How to Choose the Right Images to Market on Pinterest
At first glance, Pinterest might seem like a random bunch of images. As a social media marketer, it is important to know which images are the most beneficial to your business. On a typical Pinterest feed, most users see dozens of photos, and many of the same pins are repinned over and over.
Being random and repetitive might be okay for personal users, but a brand must make sure its pins are well thought out. Keep these points in mind when selecting an image to pin:
Images shouldn’t conflict with the message you’re trying to send. You want the viewer to be clear, not confused, about what you pin. For example, it wouldn’t make sense for a ravioli manufacturer to post pictures of vehicles — unless they were delivery trucks, made out of ravioli.
Images should make people feel good or evoke emotion. You want people to see the images and react with a comment, a like, or a repin. Just like with Facebook posts or Twitter tweets, you want to know your Pinterest community is paying attention.
Images must be eye-catching, engaging, and unique. You want your content to stand out, and you only have a small number of seconds for your pin to catch someone’s attention. If a viewer’s response isn’t positive and immediate, chances are your pin won’t get a second look.
Images should support your goals. If you want to drive sales, create pins with sales in mind. Create a board of images showing happy people using your product, or the end result of your service.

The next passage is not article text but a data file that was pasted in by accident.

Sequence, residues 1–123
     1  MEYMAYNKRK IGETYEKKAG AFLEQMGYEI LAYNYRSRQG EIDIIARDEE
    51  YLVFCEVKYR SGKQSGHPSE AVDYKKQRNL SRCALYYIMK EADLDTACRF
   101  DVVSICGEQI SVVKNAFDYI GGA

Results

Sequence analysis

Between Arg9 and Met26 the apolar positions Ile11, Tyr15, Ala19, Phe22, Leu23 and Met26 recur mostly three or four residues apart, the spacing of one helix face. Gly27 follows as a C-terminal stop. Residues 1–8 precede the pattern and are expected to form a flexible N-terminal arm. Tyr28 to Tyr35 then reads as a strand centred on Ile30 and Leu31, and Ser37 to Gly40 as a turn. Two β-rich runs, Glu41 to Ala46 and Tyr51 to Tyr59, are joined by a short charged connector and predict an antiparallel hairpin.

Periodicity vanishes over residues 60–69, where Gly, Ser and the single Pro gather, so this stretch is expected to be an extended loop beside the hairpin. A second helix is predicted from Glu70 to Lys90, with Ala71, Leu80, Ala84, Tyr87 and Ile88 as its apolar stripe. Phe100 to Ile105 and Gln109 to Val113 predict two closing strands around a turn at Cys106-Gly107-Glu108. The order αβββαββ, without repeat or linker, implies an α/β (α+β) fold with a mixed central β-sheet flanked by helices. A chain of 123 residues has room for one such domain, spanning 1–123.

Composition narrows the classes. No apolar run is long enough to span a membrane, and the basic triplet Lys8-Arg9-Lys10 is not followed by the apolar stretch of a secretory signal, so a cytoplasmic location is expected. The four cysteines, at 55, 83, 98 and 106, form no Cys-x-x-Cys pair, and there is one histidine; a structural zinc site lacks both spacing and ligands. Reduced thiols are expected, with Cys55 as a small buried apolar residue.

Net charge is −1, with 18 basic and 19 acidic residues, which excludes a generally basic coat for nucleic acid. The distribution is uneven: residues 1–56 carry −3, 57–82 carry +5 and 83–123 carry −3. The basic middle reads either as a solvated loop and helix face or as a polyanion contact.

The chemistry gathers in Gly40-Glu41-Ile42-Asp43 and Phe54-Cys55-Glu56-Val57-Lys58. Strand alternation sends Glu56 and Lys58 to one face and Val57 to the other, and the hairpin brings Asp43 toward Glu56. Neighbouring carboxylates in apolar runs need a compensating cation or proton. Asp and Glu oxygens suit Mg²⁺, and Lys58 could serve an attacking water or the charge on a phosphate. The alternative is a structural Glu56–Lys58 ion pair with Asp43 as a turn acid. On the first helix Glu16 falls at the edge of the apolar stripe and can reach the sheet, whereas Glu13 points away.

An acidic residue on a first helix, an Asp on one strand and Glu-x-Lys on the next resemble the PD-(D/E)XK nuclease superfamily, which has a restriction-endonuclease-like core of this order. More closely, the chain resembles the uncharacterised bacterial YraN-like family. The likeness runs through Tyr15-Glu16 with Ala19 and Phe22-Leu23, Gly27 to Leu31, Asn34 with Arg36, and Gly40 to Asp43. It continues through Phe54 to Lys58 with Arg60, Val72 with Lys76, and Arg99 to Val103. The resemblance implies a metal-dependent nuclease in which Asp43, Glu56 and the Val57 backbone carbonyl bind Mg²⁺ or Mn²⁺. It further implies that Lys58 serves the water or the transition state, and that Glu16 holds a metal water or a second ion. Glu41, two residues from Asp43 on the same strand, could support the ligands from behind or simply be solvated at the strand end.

If your goal is to drive traffic to a particular website, create one board with pins that link to the site. If every board you create and every image you pin is a link to your blog or website, you’ll lose followers — fast.
The rest of your boards should represent what you do without pushing sales or traffic.
Just as there are many ideas for what to pin, there are also plenty types of pins to avoid. Because Pinterest is visual and pins appeal to emotions, pinning one of the following can lead to unfollows:
Photos that are out of focus: Images should be sharp and vivid.
Photos that have no rhyme, reason, or focus: Though not every pin should be about your brand, if you have too many pins that are off topic, you might confuse your followers.
Repins that everyone is repinning: If you pin the same things everyone else is pinning, there’s no reason to follow you.
Photos that are rude and offensive: Be considerate of your community. Leave swearing and vulgarity out of it, lest folks get the wrong message about you and your brand. If you wouldn’t say something to a customer in person, don’t say it on Pinterest.
Constantly spamming with sales messages: Very few people use Pinterest to receive sales messages. Avoid pitching to the Pinterest community. Instead, let your images be your pitch. If you’re known for making it all about the sale, no one will want to follow you.
Bait-and-switch images: Don’t mislead your followers. If you pin an image and it refers to an article called 10 Reasons to Paint Your Bedroom Purple, that’s what people should see. Don’t reference one thing on Pinterest only to have users click through to something completely different, such as a sales page.
Whenever you repin someone else’s pin, you should make sure the pin is legitimate: Test the pin by clicking through to the website. There is nothing worse than to repin something only to find out later that it’s one of those bait-and-switch pins that are so hated.